Living longer with science and religion
The longevity gene Hydra immortal, that can make humans live longer, have been found by the researchers from Kiel University, Germany. While examining the factor that makes the polyp Hydra immortal, they unexpectedly discovered a link to aging in humans.
The tiny freshwater polyp Hydra does not show any signs of aging and is potentially immortal. There is a rather simple biological explanation for this: these animals exclusively reproduce by budding rather than by mating. A prerequisite for such vegetative-only reproduction is that each polyp contains stem cells capable of continuous proliferation, without which no animals reproduce. Due to its immortality, Hydra has been the subject of many studies regarding aging processes for several years. When people get older, more and more of their stem cells lose the ability to proliferate and thus, to form new cells. If it were possible to influence these aging processes, humans could feel physically better for a much longer time. Studying animal tissue such as those of Hydra — an animal full of active stem cells during all its life — may deliver valuable insight into stem cell aging as such, the researchers thought.
“Surprisingly, our search for the gene that causes Hydra to be immortal led us to the so-called FoxO gene,” reports Anna-Marei Böhm, the first author of the study. The FoxO gene exists in all animals including humans and has been known for years. However, until now, it was not known why human stem cells become fewer and inactive with increasing age, which biochemical mechanisms are involved and if FoxO played a role in aging. In order to find the gene, the research group isolated Hydra’s stem cells and then screened all of their genes, as reported in DailyScience in November. The Kiel research team examined FoxO in several genetically modified polyps: Hydra with normal FoxO, with inactive FoxO and with enhanced FoxO. The scientists were able to show that animals without FoxO possess significantly fewer stem cells. Interestingly, the immune system in animals with inactive FoxO also changes significantly. “Drastic changes of the immune system similar to those observed in Hydra are also known from elderly humans,” says Philip Rosenstiel of the Institute of Clinical Molecular Biology at the University Medical Centre Schleswig-Holstein, Germany.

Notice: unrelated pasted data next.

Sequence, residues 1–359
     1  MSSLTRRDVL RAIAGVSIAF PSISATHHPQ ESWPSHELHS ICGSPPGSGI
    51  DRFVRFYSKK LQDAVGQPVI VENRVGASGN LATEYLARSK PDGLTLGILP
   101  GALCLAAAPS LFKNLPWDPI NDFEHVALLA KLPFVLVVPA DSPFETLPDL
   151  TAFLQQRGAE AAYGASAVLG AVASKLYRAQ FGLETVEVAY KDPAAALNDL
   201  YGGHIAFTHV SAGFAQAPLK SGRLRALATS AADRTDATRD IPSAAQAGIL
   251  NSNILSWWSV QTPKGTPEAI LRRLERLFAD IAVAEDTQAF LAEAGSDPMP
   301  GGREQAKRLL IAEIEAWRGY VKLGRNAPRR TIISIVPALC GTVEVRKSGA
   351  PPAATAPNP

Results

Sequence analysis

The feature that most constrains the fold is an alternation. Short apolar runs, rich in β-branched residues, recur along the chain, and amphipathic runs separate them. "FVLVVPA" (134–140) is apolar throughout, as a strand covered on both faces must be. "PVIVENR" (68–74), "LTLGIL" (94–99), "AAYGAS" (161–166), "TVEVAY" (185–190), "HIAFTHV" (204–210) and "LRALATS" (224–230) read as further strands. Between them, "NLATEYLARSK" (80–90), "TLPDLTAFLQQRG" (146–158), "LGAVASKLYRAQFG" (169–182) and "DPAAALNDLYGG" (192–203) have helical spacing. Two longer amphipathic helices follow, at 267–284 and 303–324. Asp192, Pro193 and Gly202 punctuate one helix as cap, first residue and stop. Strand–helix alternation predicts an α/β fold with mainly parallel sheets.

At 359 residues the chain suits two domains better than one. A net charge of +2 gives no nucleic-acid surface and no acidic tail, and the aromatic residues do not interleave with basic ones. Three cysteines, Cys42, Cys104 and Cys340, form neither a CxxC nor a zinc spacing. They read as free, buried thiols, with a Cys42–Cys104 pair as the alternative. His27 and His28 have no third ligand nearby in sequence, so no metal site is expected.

“Our research group demonstrated for the first time that there is a direct link between the FoxO gene and aging,” claims Thomas Bosch from the Zoological Institute of Kiel University, who led the Hydra study. Bosch continues: “FoxO has been found to be particularly active in centenarians — people older than one hundred years — which is why we believe that FoxO plays a key role in aging — not only in Hydra but also in humans.” However, the hypothesis cannot be verified on humans currently, as this would require a genetic manipulation of humans. Scientifically, the study confirms that the FoxO gene plays a decisive role in the maintenance of stem cells. It thus, determines the life span of animals including humans. So it is possible to live longer.
Together with the longevity of life, we need to rediscover the intensity or happiness index of human beings. Just as science is making progress, religion that deals with the fulfilment or happiness of human beings should also develop. So drawing from their own resources and traditions, religions need to undertake research, preferably empirically verifiable ones, to enhance fulfilment, happiness and general well-being of humans as individuals and members of society.
(The writer is a professor of science and religion)
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